Feel Good Factor is proud to be part of Arts Together Leeds, the first initiative of its kind in the country, a citywide arts engagement project in Leeds to help strengthen relationships between community groups and the cultural sector.
Arts Together Leeds aims to make it easier for community groups to become actively engaged with the wealth of visual arts, music and live performance taking place in Leeds and beyond, while also facilitating the exchange of expertise, skills and resources between the city’s arts and community organisations.
The project is supported by the Esmée Fairbairn Foundation who have donated £120,000 over the next three years. Their funding will help to establish a more integrated and accessible arts offering for people who often encounter barriers to becoming involved with cultural activities.
Madeleine Thorne, Head of Community Partnerships at Opera North, who is leading the project, explains:
“We believe the scheme will transform the city’s arts scene through collective thinking and shared goals, and through wider and deeper relationships with its communities. Central to the project is the idea that this is a two-way conversation, increasing opportunities for communities who may usually face barriers to engaging with the arts, and encouraging those communities to participate in, and contribute to, the cultural life of Leeds.”
The effect of the arts can be far-reaching, enhancing lives and resulting in a positive and lasting impact on wellbeing, but many of those who could benefit are discouraged by the social and cultural barriers they encounter. Breaking down these barriers is a key aim of the project.
David Holmes from Making Space, a mental health befriending service, comments:
“The Making Space Theatre Group thoroughly love all performances that they go to see. Some of them live solitary lives, and the group gives them a chance to see productions they otherwise couldn’t attend either through lack of someone to go with or as it is often outside their financial scope, but they all agree that making theatre shows affordable to them has enriched their lives and gives them the extra confidence to mix with other people. They would love to be able to engage with other arts organisations and have greeted this project with great enthusiasm.”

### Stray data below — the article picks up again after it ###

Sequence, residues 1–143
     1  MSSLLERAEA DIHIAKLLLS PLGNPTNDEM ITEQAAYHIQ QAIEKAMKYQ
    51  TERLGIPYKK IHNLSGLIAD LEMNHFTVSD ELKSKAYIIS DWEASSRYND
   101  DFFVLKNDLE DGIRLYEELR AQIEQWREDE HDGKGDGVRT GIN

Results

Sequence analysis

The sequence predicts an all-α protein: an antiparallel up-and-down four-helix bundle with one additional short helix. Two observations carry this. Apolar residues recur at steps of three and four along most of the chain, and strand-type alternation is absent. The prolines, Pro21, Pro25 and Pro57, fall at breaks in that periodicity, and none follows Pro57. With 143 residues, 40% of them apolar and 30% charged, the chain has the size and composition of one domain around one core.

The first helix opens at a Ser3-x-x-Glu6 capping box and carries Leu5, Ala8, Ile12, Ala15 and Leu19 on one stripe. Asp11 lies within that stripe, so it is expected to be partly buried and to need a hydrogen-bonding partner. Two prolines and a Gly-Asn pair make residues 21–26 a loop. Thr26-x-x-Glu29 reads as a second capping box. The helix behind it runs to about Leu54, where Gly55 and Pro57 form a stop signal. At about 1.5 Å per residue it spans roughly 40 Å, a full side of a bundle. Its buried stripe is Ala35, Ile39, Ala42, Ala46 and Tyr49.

The scheme has so far attracted over 40 arts and community partners. Future plans include regular networking opportunities and a website and newsletter which will be developed later in the year to gather together the city’s arts-based activities in one easy-to-access place. There will also be a more co-ordinated approach to events such as Refugee Week.
Hannah Vallis, Programme Manager at East Street Arts, said:
“We are excited to be a part of this citywide network and continue to explore how our work can reach new audiences. Through the project, we hope to collaborate with other organisations and develop innovative ways to share culture in Leeds.”
Emma Crossley, Manager of Meeting Point, supporting refugees and asylum-seekers in Leeds, commented:
“A citywide portal for arts-based community initiatives is something Meeting Point and its members will hugely benefit from, making our work easier and more varied.”
Ruth Hannant, Head of Creative Engagement at Leeds Playhouse, added:
“We believe Arts Together’s coordinated and consistent approach to signposting and supporting access to cultural venues and events across the city will be of enormous benefit to the communities we work with. It supports Leeds Playhouse’s deep-held commitment to enabling people to increase their understanding, confidence and capacity to engage, and to build real cultural capital which enriches their lives.
“The project will also provide a welcome framework for sharing experiences, ideas and learning between organisations, which can only enhance and strengthen the menu of opportunity for all our communities in Leeds.”
The Arts Together project welcomes applications from any arts organisations or community groups based in or around Leeds. Further information is available from email@example.com